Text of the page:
Tuesday, October 8, 2013

Battle in the Wilderness: Better than Bread (Luke 4:3,4)

And the devil said to Him, "If You are the Son of God, tell this stone to become bread." And Jesus answered him, "It is written, 'Man shall not live on bread alone.'" (Luke 4:3, 4 NASB)

In Jesus' time, there were no printing presses to produce large quantities of printed materials. That would not come until Gutenberg in 1450. There had been other forms of movable type printing, but nothing that could handle large quantities until Gutenberg's invention. In Jesus's time, the only "books" were painstakingly handwritten scrolls. There were no children's Bibles for young ones to handle and read.  Instead, young Jewish boys were schooled in local synagogues, where they were trained to memorize Scripture. The boys were supposed to memorize the books of the Torah - the first five books of our Bible. (The girls were taught Psalms and Proverbs by their mothers.) It was an incredible feat of memorization that we have, sadly and to our detriment, abandoned today. 

When the enemy tempted Jesus to turn the stone into bread, Jesus responded by quoting a verse from Deuteronomy 8:3. (Matthew records the entire quote, "Man does not live by bread alone, but by everything that proceeds from the mouth of God.") This was a particularly astute use of Scripture because this passage is one in which the children of Israel had just spent forty years in the wilderness. They were about to enter the Promised Land, and it was Moses job to teach them how to live obediently once they entered. In this passage, Moses was explaining the purpose of the wilderness. He said that God had allowed the wilderness to humble them, test them, reveal what was in their hearts, evaluate their willingness to obey Him, and to discipline them. It is the purpose of our own wilderness times today. They are designed to make us more willing to obey and more like our Lord.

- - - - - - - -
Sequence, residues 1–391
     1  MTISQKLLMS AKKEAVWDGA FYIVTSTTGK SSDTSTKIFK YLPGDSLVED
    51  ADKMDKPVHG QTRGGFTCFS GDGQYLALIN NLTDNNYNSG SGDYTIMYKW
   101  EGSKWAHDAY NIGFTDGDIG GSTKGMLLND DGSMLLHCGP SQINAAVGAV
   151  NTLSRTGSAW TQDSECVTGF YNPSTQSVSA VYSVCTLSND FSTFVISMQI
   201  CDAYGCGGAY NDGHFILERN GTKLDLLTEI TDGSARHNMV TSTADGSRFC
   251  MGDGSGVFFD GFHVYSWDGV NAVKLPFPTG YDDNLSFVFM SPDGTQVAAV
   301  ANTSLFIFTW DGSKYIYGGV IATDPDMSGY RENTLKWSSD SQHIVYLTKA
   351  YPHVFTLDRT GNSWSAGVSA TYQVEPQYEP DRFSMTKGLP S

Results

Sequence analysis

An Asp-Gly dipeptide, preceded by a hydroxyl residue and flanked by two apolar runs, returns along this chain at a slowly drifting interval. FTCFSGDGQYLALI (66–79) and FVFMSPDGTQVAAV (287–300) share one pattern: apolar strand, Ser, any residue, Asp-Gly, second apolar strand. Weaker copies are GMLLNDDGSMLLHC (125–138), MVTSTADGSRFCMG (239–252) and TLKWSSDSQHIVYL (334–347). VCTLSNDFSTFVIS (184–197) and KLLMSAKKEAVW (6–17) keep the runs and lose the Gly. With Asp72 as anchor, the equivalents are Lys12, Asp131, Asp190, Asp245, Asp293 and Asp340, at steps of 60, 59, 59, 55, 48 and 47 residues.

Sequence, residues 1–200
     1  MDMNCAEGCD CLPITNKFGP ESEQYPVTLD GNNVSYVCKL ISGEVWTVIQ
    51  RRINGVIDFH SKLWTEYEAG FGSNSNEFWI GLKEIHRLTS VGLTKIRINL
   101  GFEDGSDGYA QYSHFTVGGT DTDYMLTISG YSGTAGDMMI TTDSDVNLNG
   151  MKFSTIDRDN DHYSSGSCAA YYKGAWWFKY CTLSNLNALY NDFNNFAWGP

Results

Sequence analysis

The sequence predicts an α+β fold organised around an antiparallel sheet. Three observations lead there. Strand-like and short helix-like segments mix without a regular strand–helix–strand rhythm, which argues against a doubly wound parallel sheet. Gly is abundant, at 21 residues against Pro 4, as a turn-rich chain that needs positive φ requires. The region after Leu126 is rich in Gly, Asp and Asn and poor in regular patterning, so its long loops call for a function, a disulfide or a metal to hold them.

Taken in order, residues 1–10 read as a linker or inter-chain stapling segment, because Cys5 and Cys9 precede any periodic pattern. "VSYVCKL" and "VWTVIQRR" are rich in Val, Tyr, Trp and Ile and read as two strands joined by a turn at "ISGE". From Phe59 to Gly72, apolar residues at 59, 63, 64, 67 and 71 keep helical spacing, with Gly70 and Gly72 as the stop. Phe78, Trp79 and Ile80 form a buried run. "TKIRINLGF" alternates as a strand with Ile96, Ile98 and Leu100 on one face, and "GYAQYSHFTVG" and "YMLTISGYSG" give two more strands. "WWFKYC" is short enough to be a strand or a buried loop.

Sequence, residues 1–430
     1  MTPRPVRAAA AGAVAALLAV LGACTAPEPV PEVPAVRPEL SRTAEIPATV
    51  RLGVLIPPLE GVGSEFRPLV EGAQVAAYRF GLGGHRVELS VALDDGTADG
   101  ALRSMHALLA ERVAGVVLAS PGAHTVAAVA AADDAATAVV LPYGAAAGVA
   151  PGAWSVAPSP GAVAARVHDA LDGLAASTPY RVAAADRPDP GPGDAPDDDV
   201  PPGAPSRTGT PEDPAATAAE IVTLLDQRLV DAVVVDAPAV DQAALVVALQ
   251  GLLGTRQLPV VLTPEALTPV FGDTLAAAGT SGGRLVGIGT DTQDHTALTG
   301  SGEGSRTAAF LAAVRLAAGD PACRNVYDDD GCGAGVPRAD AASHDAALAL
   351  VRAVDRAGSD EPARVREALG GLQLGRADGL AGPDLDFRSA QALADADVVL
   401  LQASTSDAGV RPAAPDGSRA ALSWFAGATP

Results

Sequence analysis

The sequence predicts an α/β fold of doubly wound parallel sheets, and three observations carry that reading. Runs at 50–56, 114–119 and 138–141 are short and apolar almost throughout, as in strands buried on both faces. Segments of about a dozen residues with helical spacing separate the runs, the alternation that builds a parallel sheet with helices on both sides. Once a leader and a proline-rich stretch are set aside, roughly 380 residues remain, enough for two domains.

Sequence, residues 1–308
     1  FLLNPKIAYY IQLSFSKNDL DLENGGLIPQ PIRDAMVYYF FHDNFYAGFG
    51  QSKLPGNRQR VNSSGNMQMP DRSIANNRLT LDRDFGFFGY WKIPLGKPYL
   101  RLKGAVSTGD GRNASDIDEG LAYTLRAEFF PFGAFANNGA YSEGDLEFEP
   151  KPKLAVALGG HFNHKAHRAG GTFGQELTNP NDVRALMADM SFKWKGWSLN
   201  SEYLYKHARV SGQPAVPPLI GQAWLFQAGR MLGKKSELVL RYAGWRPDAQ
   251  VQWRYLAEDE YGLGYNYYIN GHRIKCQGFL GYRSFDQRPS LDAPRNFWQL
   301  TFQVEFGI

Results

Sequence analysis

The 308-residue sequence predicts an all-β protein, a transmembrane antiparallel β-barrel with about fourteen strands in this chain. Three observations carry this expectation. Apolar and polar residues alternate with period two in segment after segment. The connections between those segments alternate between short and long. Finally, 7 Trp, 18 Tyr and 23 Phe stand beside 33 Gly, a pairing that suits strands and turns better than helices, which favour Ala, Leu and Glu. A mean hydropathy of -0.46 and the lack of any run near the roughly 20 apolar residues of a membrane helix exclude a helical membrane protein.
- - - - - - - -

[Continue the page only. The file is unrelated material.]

Jesus clearly understood that His time in the wilderness was also a time of testing and preparation for what God had prepared for Him. He was determined not to fail and realized the test was not yet complete. This final part was a critical portion in testing His willingness to submit to the will of God.  The verse Jesus quoted was speaking of the manna God had given the Israelites in the wilderness. Moses said that God allowed them to experience hunger, then fed them with manna so that they could understand that they "didn't live by bread alone."  Jesus understood that God could and would provide in His timing. 

What we ingest orally is not nearly as important as what we ingest into our hearts and minds by what we choose to read, watch, and hear. Jesus clearly felt that the Scriptures provided a nourishment that bread alone could never provide. Are we filling ourselves with Scripture? Do we ingest daily nourishment from the Word of God? In Jesus's own words, bread is not enough. To really live, we desperately need the Word of God. Are you receiving a steady diet of God's word? Do you spend enough time with Him to be nourished and strengthened for your day? Perhaps during our own wilderness experiences, those difficult times that come to all of us, we drew strength from God, but have we moved away and begun to rely on ourselves? 

Today, consider the Spiritual nourishment you ingest every day. Do you need to spend more time studying the Bible? Memorizing Scripture? 

Pray today that God will help you move to greater strength via the Word of God. Pray, too, that God will bring every verse our children and loved ones have memorized back to their minds and use it to draw them back to Himself.